Riddle canon, 'Ich kuesse Sie', WoO 169, Hess 250 (mp3)

Riddle canon, 'Ich kuesse Sie', WoO 169, Hess 250 (mp3)
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Performer: Mark S. Zimmer
Length: 1:07
Riddle canon, 'Ich kuesse Sie', Hess 250
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Author: Willem
Length: 1:04
Hess 250 -- Ich kuesse Sie, druecke Sie an mein Herz!

Occurs in the PS of a letter, dated January 6th, 1816, to the opera singer Anna Milder-Hauptmann, who had just married. The text reads: "Ich kuesse Sie, druecke Sie an mein Herz! Ich der Hauptmann, der Hauptmann!" ["I kiss you, and close you in my heart! I'm the captain, the captain!"]. Beethoven adds: "Fort mit allen uebrigen faelschen Hauptmaennern" ["Down with all the other false captains"].

The first riddle about this riddle canon is whether it is a canon or not. The notes are in two seperate chunks (1.Ich kuesse Sie and 2.Ich der Hauptmann!) and it is not clear whether they belong together. Ludwig Misch ("Beethoven Studies", p.256/8) discusses the apparent impossibility to solve this canon. Perhaps that's why this canon was recorded only as a single line in DG's 1997 Complete Edition.

However, Hess (Hess Supp.V, Revisionsbericht) indicates two solutions: 1) entry of the second voice after one bar a fourth higher, and 2) entry of the second after one bar as mirror image in the prime. The second chunk ("Ich der Hauptmann") can in both solutions be inserted as free counterpoint starting in the second bar.

Willem noticed that, in both cases, this second chunk can also be inserted starting in the first bar, a fourth lower, thus turning both solutions into true four part double canons.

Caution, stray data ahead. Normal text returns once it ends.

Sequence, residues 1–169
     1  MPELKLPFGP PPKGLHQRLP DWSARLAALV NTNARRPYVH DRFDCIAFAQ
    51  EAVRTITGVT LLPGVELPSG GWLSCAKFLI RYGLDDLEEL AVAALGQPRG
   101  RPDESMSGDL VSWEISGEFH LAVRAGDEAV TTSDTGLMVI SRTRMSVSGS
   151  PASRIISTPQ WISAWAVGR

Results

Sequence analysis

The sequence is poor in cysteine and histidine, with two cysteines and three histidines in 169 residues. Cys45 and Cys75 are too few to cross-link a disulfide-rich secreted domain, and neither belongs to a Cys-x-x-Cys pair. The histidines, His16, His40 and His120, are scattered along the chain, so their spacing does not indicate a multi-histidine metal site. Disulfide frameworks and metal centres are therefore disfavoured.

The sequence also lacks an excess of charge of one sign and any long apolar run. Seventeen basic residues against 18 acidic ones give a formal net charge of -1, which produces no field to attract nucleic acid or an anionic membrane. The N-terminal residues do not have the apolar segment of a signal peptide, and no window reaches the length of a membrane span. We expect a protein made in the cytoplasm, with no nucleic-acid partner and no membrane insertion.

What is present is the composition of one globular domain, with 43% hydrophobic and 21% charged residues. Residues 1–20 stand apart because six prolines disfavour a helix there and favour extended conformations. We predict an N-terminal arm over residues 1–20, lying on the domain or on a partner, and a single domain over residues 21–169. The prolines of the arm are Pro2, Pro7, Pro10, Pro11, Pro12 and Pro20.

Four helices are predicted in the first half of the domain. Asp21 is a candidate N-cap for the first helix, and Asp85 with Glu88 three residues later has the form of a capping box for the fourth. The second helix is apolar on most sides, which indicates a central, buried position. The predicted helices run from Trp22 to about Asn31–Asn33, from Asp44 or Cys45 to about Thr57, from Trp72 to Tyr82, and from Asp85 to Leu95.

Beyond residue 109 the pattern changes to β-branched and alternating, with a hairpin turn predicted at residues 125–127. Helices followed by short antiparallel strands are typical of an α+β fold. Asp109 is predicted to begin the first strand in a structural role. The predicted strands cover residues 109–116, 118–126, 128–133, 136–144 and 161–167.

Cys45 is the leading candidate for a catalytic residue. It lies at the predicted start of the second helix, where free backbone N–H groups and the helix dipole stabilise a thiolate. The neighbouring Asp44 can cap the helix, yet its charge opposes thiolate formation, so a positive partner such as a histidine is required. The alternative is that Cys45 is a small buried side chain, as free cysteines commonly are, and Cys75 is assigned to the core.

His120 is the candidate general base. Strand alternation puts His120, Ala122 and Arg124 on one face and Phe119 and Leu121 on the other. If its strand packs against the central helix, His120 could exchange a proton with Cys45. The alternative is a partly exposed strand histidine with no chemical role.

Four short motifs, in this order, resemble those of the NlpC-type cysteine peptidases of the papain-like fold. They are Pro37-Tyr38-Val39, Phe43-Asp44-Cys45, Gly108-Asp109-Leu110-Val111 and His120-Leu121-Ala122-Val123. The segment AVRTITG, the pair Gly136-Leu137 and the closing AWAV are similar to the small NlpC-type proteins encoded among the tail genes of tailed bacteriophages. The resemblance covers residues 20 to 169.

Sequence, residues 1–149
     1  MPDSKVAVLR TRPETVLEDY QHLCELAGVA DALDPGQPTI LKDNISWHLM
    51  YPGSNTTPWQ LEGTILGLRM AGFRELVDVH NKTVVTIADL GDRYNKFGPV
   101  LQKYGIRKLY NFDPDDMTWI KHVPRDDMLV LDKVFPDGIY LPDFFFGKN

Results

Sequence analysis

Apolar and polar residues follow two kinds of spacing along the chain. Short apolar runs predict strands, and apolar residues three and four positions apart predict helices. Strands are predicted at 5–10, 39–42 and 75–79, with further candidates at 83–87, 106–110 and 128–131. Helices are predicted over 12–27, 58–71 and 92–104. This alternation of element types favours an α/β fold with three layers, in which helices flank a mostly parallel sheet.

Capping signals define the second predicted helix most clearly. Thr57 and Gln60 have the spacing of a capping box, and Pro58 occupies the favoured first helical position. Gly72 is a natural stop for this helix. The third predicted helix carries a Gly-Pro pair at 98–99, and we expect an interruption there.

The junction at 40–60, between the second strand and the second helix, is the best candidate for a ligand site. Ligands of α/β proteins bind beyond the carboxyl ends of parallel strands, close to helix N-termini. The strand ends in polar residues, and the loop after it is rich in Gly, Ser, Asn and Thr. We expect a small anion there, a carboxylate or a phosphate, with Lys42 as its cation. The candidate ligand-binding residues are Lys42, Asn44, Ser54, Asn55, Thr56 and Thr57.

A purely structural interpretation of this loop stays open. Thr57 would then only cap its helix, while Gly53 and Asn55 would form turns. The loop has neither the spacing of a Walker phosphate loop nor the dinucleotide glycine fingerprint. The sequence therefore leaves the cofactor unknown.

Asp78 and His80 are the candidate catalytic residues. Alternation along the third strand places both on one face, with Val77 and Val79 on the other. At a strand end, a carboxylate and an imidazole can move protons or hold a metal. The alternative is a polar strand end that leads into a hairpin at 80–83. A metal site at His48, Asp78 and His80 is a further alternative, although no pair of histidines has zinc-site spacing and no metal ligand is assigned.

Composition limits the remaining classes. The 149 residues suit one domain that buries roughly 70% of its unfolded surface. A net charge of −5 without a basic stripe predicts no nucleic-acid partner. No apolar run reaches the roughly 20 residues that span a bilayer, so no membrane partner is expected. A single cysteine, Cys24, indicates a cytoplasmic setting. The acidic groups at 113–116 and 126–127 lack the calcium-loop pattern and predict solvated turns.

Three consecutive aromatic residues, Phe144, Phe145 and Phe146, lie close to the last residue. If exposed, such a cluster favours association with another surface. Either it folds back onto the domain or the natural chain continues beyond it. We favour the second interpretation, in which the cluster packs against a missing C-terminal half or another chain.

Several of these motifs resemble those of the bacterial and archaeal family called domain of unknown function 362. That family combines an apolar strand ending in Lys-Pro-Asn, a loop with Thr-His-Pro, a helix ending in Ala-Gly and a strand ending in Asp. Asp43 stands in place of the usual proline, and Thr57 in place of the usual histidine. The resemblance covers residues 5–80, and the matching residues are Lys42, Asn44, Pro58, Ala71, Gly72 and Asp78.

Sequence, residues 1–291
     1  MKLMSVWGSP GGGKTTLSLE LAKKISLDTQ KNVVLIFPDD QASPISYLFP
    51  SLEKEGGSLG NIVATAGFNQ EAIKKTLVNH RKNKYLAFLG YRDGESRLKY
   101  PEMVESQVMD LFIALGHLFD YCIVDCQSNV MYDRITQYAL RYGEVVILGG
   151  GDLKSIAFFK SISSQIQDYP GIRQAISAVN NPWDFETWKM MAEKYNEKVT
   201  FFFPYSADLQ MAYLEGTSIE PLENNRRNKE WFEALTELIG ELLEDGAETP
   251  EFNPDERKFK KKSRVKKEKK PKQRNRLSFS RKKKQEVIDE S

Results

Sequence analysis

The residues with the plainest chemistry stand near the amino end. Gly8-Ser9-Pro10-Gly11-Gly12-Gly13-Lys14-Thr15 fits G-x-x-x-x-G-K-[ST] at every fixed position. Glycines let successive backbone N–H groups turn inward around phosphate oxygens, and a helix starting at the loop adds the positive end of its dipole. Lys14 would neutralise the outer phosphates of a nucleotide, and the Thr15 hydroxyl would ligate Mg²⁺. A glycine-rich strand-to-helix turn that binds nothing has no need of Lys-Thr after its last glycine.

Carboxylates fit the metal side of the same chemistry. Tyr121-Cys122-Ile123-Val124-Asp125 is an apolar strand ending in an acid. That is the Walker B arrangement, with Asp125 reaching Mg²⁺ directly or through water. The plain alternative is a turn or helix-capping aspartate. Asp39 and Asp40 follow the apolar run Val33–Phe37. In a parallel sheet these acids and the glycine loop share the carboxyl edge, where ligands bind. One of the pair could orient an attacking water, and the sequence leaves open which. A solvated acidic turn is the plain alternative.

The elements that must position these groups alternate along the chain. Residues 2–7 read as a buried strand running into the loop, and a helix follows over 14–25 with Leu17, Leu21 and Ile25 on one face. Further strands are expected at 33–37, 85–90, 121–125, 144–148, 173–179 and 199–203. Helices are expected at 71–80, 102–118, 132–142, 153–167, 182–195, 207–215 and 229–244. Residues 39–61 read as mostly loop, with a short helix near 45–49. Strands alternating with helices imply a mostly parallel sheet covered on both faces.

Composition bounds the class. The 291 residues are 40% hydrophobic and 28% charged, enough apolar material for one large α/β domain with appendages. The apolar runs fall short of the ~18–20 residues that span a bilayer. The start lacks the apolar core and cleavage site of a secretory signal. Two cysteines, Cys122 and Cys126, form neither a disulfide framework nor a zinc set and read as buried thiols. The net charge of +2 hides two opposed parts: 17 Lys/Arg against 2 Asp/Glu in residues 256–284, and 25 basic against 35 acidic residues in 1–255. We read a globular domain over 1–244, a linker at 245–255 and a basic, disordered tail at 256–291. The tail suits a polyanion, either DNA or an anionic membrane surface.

Also noteworthy is the way Beethoven treats the word "Hauptmann": he slices it in two, with a marked rest between "Haupt" and "mann", comparable to the way he treats "Amen" in the Credo of the Missa Solemnis. It is as if he decapitates his rival musically.

The midi first gives the notes written by Beethoven as single line, followed by the world premieres of the two double canons.


The complete letter Beethoven wrote to Anna Milder-Hauptmann reads as follows:

Vienna, January 6th, 1816
My most esteemed, unique Milder, my dear friend,

This letter to you has been long delayed. How gladly I would contribute in person to the enthusiasm of the Berlin public evoked by your performance in 'Fidelio'. A thousand thanks on my part for your fidelity to my 'Fidelio'!

If you would ask Baron de la Motte-Fouqué on my behalf to devise a great subject for an opera, and one which, at the same time, would be suitable for you, you would be rendering a great service to me and to the German stage. Also, I should wish to write such an opera exclusively for the Berlin theatre, as I shall never succeed in putting on a new opera here, because of the stingy management. Reply to me soon, with all speed, as soon as possible, with all possible speed, as speedily as possible, whether this is practicable. The conductor Weber has praised you to the skies, and he is right. Happy is the man whose lot it is to profit by your Muse, your genius, your splendid qualities and distinctions ! Not excluding myself ! Be that as it may, all those who surround you may call themselves only next men; I alone have the right to bear the venerable name of head man (1), and only quite silently at that.

Your true friend and admirer

(My poor unhappy brother has died - that is the reason for my long failure to write.) As soon as you have replied to me, I shall also write to Baron de la Motte-Fouqué. I am sure that your influence in Berlin will easily make it possible for me to write a whole opera for the Berlin theatre, with special attention to your part and acceptable terms. Only, reply soon, so that I can fit this in with my other writings.

(Follows music to the words:

I kiss and hug, press you close to my heart ! I the head man, the head man)

(Away with all the other usurping head men!)

[Michael Hamburger, Beethoven Letters, Journals and Conversations, p.140]

WoO: 169
Hess: 250

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